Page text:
This little chap sounds familiar
The gerbil (Meriones unguiculatus), or desert rat, is a native of Mongolia, and his influence has spread equally as far as that other famous son of the Steppes, Genghis Khan. However, he is slightly less aggressive than his fellow countryman, and as such has become a hugely popular pet the world over since the Fifties and Sixties.
Didn't everyone have a gerbil in their childhood?
If you didn't have one yourself, chances are you knew someone who did. They are fun, hoppity little characters with loads of energy. The secret of their success – according to Eddie Cope, the founder of egerbil.com, and wizard of all things to do with gerbils, jirds and jerboas – is that they are so adaptable: "Gerbils have been found living in the wild on the Isle of Wight and the Yorkshire Moors – they will survive just about anywhere."
How do I keep one?
Well, it is advisable to keep at least two of the same sex, as they are sociable mammals and enjoy human company as much as that of other gerbils. They dig digging, so a cage (typically about 50cm x 75cm x 50cm for a pair) must be furnished with plenty of sawdust and straw – but NOT plastic as they will nibble right through it. They are also fond of climbing – this is one of many traits which differentiate the gerbil from other pet rodents – so ideal points of interest would include toilet rolls (empty!) and a climbing frame.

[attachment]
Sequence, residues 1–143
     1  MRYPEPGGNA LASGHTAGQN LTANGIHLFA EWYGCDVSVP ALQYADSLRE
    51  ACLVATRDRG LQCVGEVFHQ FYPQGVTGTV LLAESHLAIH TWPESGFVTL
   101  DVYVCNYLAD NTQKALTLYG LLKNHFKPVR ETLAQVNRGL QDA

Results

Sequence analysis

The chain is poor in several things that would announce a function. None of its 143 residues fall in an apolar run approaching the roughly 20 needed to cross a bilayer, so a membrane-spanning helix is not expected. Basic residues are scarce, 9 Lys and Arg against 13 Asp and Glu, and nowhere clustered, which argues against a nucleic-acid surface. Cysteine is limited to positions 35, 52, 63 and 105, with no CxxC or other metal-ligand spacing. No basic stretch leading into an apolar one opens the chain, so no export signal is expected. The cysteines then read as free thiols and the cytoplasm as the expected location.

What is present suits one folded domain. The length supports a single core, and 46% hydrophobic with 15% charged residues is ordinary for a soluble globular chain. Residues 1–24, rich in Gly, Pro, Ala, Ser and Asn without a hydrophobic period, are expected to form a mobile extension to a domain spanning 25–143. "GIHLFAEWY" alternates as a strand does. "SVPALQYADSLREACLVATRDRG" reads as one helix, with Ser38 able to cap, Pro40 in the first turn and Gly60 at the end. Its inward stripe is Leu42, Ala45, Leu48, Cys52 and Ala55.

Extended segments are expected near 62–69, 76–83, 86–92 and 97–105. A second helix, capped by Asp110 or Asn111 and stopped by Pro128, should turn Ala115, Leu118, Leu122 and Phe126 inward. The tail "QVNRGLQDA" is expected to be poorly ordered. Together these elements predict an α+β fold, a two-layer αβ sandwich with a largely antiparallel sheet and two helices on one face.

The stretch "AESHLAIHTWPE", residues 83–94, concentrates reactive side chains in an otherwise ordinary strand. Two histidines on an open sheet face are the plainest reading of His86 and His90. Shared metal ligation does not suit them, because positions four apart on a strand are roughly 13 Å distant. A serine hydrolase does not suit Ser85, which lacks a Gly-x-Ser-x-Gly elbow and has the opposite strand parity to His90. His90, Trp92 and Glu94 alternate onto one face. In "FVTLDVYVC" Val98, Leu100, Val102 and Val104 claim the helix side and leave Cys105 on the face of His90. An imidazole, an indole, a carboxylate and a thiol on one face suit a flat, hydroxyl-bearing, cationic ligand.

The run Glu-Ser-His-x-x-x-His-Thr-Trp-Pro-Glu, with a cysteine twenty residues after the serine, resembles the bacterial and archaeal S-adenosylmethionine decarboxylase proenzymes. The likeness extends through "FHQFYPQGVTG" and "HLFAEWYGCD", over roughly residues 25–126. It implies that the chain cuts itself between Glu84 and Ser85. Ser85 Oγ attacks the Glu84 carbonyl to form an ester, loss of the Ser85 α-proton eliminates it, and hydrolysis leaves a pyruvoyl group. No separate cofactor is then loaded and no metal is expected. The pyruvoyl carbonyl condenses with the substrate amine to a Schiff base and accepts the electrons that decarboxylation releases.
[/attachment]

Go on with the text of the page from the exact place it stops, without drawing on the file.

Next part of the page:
Any other behavioural issues?
Not really – the gerbil is a bit of a dream pet, in fact. Although considered hygienic, the little fellows can keep you up at night as that is when they are at their most active, which is worth considering if you are planning on keeping gerbils in small people's bedrooms.
What does he eat?
In the wild, they are omnivorous, but in the suburbs they will need a balanced diet with enough roughage for them to gnaw on and keep their incisors in check. Most pet stores will supply a type of gerbil or rodent mix, which will contain all the good stuff that makes for contented creatures, and this can be supplemented with the odd piece of fresh fruit and veg, but not too much as they like to hoard food, and you don't want oranges rotting at the bottom of the cage, do you?
Just about everyone.
Where can I get hold of one?
As always, you must contact a reputable breeder in order to ensure that the highest standards of animal welfare have been maintained – some less enlightened breeders churn out pups by the hundreds. Contact Eddie Cope with any queries on 07575 109866 or via egerbil.com. He will also be able to provide a full list of breeders in your area.Reuse content